On a lighter note: we have a legal replacement for Comic Sans…Comic Neue

One of the most maligned fonts in recent years is Comic Sans. I’ve never really understood why people (especially type pros) hate Comic Sans so bad. But then, it’s really not a part of my life. This is the new … Continue reading →

A good article on kerning in InDesign magazine for July

Kerning is that area of typography rarely talked about. Ilene Strizver has a good article on kerning, both what it is and how to accomplish it, in the July issue of InDesign magazine. One of the sure signs of a pro … Continue reading →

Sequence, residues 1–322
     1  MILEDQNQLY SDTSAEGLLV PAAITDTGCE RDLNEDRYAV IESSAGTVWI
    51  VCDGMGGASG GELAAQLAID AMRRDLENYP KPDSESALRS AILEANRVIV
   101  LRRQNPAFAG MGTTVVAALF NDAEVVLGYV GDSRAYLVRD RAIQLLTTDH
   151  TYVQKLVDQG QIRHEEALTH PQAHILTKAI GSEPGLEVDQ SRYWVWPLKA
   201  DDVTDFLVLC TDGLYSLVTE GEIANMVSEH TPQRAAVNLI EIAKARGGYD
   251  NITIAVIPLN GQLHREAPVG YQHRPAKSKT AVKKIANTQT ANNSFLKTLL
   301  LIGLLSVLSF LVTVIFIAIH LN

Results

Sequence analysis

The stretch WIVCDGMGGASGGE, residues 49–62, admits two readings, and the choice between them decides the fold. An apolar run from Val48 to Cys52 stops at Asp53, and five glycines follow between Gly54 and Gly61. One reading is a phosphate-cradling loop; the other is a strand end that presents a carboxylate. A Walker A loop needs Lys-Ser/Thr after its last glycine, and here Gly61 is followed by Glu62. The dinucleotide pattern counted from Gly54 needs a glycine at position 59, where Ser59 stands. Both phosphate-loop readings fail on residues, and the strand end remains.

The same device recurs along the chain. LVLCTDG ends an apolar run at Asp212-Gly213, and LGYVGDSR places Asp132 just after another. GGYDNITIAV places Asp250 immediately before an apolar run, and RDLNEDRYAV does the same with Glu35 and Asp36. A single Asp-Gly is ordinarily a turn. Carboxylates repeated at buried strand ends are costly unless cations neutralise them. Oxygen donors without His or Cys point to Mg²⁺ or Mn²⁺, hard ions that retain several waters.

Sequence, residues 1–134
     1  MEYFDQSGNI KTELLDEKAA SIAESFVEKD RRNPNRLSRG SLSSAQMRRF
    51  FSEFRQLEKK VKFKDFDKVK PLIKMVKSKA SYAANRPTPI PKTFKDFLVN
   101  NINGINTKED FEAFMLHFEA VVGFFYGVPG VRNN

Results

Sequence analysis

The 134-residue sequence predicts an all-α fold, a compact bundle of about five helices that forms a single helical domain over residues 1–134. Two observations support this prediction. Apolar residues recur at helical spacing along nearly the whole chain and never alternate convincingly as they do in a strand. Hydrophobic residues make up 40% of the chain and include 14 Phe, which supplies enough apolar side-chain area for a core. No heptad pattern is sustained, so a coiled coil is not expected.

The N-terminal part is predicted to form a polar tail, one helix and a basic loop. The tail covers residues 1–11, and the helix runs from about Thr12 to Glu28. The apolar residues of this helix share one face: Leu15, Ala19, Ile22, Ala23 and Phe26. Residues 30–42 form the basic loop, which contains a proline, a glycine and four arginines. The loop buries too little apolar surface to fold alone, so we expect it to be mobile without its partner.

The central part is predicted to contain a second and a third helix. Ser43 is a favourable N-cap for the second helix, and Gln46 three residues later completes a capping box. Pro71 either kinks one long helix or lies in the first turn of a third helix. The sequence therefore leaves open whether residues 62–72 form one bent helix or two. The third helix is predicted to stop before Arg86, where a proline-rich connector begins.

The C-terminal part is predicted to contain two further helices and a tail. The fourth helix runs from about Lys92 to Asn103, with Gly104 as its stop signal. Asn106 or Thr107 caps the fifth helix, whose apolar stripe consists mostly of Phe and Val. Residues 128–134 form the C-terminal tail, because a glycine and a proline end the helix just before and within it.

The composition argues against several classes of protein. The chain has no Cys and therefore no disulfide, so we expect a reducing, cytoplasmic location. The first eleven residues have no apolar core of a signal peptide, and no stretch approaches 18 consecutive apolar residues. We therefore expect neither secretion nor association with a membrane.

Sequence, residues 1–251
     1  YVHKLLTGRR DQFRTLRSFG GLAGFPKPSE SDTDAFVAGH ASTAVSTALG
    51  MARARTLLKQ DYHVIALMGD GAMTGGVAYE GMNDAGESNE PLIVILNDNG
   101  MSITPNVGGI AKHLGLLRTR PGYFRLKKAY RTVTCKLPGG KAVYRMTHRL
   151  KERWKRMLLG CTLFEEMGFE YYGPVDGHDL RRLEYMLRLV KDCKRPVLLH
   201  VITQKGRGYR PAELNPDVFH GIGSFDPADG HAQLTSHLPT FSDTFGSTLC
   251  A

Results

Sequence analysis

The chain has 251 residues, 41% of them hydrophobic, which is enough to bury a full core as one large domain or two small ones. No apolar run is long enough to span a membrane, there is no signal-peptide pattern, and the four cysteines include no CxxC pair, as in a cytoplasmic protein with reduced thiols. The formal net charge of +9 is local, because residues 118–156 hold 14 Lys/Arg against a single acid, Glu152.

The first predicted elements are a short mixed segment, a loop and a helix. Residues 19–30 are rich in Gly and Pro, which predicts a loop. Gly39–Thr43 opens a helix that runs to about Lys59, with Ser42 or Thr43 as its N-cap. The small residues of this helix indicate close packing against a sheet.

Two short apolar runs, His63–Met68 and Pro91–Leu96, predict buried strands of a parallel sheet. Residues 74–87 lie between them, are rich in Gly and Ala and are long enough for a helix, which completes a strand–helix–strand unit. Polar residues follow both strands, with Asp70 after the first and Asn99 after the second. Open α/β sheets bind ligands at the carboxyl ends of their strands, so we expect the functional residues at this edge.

Welcome to Radiqx Press! — 3 Comments

  1. I just wanted you to know that I’ve put something in your mailbox.

    However, the real reason is to have an excuse to get another glimpse of the wonderful font you use to re-display this message which is being displayed as Courier as I type. I am curious and wonder what the name is and whether or not it is one of your creations.
    The quick brown fox jumps over the lazy dog.
    Jackdaws love my big sphinx of quartz.

  2. I wish I could help. I really have no idea what is used for the comments. I just looked through the CSS, but I cannot see which font is used for comments. Sorry.

Leave a Reply

Your email address will not be published. Required fields are marked *

You may use these HTML tags and attributes: <a href="" title=""> <abbr title=""> <acronym title=""> <b> <blockquote cite=""> <cite> <code> <del datetime=""> <em> <i> <q cite=""> <s> <strike> <strong>